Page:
• You know I might just take you up on it and write a post on my thoughts. I’ll definitely have to think on it a bit more first, though. 🙂 Ugggghhhh, what an obnoxious as well as passive aggressive thing for that person to say to you about your daughter! It’s bad enough that she was so presumptuous, and then not to have the courage to address you directly with it. Probably she had some inkling of what you at least wished you could say to her if she had. 🙂 When I was three I was with my mom walking down the street eating an ice cream cone, and (she says as I can’t remember) that someone yelled at her for letting me dribble ice cream on my shirt. That’s just what three year olds do. Now that I’m an adult, I experience such things directly because people are all too ready to give their two cents about how to take care of my dog, as if my blindness prevents me from caring for him or noticing anything. People also assume that if you are blind you have no awareness of your surroundings. My favorite example is of when I was at Stanford running through sprinklers for fun, and another student kindly pointed out that I was getting wet and was not on the sidewalk…really? Lol.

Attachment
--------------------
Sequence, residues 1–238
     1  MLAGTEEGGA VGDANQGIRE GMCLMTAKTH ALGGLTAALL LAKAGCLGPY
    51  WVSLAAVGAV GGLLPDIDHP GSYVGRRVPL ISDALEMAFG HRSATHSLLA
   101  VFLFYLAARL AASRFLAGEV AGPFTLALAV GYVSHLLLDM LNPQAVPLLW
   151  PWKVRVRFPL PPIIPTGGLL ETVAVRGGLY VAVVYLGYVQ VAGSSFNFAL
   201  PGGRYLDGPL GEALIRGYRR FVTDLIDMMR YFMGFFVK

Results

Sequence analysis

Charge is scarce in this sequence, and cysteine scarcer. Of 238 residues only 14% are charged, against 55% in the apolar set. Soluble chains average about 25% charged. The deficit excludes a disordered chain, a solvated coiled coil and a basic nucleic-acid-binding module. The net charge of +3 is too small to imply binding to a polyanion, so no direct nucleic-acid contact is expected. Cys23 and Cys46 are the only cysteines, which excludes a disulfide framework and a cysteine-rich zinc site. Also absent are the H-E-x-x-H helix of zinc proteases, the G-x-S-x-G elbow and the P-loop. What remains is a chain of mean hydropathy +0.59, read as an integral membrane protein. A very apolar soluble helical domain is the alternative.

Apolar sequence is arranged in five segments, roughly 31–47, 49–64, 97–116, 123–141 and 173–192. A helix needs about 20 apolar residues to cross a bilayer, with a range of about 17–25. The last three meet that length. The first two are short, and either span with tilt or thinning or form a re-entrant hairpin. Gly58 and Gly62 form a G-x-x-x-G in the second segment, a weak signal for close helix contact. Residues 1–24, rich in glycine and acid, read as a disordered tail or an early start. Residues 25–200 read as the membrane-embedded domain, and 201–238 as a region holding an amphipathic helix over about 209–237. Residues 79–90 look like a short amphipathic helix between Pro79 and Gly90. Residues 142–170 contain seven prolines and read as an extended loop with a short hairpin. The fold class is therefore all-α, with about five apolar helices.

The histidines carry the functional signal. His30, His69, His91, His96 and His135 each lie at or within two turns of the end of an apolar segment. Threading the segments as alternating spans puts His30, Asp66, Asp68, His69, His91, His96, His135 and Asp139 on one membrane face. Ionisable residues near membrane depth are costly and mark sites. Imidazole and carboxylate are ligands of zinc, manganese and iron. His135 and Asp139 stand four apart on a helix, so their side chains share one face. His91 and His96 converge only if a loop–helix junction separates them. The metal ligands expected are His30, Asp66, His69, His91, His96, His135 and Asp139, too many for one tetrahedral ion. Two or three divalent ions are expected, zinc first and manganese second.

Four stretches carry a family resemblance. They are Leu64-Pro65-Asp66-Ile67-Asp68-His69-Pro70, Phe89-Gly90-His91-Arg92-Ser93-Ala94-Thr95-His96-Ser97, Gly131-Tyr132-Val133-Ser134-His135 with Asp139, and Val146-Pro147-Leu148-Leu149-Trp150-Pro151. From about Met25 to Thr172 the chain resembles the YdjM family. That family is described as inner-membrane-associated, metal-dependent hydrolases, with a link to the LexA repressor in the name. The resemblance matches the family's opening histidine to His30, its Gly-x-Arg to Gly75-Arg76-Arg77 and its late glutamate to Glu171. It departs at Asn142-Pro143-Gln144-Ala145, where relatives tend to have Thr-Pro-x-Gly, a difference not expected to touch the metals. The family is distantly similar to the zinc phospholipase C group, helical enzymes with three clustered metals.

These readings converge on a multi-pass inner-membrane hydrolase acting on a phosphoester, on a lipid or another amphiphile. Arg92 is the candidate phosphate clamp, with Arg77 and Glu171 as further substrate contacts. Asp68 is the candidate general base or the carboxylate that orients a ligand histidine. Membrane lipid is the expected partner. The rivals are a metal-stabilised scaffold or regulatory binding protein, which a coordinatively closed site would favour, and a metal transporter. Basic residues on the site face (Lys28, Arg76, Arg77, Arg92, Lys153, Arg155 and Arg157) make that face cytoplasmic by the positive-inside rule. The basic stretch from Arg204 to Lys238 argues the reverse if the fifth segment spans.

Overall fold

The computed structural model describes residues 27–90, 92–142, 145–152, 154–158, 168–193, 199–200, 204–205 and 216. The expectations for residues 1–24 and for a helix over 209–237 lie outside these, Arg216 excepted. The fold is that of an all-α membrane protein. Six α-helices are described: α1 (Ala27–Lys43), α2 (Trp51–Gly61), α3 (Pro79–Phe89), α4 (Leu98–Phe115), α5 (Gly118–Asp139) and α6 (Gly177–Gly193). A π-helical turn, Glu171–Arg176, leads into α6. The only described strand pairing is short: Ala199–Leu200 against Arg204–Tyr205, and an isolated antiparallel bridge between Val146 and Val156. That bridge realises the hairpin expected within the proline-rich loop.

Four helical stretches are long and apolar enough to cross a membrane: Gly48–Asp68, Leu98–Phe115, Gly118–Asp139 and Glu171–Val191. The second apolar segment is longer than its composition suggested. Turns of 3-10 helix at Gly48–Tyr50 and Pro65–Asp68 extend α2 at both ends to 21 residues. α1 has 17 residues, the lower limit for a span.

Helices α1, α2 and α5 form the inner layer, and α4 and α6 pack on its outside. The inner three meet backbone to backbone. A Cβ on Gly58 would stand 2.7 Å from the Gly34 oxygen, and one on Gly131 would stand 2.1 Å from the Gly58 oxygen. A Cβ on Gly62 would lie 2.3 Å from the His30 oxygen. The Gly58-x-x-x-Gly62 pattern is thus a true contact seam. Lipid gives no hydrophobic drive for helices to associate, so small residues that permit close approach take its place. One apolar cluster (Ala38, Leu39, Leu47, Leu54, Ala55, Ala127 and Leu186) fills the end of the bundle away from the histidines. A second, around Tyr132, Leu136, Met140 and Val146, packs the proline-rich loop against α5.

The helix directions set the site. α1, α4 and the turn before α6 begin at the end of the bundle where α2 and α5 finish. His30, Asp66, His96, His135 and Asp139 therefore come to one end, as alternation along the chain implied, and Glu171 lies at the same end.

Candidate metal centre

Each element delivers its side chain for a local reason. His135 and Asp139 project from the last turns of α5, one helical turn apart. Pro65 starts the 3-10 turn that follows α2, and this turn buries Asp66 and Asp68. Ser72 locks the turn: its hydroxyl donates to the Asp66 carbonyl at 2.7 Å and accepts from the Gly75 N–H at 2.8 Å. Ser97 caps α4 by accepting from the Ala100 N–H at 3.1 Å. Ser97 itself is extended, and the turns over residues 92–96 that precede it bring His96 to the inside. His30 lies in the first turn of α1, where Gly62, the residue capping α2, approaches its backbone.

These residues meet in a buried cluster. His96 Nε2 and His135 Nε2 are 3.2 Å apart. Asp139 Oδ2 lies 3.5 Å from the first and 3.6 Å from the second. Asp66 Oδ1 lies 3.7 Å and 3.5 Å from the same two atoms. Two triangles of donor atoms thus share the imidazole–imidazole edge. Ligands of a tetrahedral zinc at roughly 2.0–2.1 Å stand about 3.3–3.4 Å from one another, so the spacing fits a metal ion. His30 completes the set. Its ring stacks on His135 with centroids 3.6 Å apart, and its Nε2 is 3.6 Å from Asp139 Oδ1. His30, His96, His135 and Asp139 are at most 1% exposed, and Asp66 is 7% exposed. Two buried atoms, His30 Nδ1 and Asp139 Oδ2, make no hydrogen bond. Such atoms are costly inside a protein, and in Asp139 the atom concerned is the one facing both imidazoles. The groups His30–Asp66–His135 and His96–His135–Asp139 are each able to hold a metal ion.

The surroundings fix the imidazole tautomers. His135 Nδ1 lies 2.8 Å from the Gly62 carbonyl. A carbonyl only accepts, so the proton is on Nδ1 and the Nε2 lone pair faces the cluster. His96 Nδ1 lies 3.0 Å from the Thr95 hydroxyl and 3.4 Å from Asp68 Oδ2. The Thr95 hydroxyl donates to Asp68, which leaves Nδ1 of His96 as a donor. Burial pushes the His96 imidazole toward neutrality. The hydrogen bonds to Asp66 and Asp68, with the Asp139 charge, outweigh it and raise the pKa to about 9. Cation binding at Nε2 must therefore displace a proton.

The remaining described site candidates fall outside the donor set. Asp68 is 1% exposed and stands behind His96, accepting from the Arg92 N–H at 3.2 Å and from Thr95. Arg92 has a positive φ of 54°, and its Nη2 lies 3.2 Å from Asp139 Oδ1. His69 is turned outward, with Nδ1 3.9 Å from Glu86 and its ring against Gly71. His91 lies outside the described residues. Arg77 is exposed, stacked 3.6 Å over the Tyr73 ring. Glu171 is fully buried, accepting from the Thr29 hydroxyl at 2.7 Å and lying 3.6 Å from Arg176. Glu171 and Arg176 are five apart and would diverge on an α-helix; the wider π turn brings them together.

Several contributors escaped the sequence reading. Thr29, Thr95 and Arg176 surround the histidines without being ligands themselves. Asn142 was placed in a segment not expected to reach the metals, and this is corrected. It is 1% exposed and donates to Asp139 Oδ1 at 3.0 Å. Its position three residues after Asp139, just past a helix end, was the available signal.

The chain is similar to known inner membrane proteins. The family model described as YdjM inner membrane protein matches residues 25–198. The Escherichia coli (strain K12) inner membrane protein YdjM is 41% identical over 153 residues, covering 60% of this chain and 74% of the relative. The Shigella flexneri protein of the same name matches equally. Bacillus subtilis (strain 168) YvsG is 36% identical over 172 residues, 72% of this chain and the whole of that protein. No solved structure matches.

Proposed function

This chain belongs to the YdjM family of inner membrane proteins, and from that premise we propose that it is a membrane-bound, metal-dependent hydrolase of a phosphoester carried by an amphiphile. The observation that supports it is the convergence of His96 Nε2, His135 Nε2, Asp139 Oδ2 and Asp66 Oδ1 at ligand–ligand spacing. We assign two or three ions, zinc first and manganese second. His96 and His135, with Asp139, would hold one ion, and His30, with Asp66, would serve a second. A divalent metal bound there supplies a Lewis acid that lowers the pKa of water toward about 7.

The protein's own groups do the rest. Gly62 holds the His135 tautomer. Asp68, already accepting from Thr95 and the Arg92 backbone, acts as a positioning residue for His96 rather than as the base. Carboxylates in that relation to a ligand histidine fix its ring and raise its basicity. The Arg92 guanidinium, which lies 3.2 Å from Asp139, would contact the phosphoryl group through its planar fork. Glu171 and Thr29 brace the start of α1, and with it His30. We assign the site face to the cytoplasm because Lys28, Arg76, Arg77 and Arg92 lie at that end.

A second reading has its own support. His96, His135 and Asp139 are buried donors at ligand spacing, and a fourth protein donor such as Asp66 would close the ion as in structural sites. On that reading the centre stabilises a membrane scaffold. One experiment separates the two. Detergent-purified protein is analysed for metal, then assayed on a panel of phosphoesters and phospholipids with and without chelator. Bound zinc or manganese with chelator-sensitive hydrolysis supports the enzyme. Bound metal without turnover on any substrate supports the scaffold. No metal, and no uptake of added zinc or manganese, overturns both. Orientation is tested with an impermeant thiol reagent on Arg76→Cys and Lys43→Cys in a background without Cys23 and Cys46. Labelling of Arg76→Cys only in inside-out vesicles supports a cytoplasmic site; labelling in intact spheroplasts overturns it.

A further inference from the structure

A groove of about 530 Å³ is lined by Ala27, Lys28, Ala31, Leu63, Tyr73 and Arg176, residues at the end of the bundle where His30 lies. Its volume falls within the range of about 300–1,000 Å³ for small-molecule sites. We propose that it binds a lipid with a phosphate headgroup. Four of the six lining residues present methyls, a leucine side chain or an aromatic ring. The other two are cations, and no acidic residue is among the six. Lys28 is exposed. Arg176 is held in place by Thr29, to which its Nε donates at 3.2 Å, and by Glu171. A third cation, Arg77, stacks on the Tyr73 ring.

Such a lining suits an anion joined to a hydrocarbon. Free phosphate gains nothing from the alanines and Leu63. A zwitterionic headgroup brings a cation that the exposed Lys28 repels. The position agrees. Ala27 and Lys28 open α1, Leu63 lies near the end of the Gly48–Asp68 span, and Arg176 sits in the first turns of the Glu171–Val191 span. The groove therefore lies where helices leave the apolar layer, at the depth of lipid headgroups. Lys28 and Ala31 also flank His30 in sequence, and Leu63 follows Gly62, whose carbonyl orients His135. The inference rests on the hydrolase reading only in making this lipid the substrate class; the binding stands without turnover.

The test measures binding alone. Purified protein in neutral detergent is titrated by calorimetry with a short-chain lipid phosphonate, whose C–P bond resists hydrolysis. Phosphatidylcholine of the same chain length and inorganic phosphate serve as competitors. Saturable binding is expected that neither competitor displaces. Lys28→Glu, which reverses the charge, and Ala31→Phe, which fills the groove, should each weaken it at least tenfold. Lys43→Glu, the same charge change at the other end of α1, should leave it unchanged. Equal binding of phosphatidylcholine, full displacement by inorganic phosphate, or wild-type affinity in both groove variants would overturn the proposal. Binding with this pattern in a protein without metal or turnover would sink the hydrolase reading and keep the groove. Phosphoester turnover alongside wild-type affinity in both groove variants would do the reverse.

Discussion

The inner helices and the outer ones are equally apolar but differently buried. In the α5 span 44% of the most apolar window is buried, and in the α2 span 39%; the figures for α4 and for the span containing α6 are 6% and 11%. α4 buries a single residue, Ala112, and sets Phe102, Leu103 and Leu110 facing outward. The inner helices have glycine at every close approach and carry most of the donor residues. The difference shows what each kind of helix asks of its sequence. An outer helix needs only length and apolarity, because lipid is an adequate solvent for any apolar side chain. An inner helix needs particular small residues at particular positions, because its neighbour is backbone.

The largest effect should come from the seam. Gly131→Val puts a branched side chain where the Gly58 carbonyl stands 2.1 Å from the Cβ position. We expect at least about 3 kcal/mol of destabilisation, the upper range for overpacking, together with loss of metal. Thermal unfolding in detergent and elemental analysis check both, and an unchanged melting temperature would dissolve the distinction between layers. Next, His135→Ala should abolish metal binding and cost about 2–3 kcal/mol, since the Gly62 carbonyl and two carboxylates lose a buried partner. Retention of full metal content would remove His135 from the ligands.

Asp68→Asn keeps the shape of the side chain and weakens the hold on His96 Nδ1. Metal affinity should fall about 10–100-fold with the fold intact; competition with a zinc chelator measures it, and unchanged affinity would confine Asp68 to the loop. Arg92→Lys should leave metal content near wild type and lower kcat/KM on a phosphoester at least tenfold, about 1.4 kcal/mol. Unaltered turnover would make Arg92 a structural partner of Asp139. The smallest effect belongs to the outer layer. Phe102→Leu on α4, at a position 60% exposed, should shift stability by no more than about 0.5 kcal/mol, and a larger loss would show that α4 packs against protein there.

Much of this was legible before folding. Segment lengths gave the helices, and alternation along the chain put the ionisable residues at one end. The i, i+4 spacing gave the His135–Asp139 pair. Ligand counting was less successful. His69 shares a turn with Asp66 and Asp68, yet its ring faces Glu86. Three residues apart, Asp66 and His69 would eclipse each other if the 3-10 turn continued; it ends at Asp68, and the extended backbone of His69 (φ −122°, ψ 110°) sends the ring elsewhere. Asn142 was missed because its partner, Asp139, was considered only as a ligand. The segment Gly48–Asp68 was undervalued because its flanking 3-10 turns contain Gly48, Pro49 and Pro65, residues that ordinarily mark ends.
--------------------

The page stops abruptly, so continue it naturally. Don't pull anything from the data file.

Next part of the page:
• Really? How thoughtful of him/her! Like you wouldnt have noticed hehe! Amazing! Yes you really should blog about your thoughts and experiences. Think about it…


  2. I’ve heard all of these too. Also add in, ‘it could be worse. He could be dead.’ That one kills me. Many of my family and friends feel the need to tell me how everyone else has it worse. It’s likes i can’t be sad because someone else is more sad. Another really hard one is, ‘be thankful he doesn’t talk. Mine never shut’s up.’ That one crushes me every time. I honestly hear it quite often. What I wouldn’t give for my son to sass me or get mad at me. I would do anything for it actually. Hugs!


    • Gosh some people just have no idea of what they’re saying, do they? Or the impact a throwaway comment can have.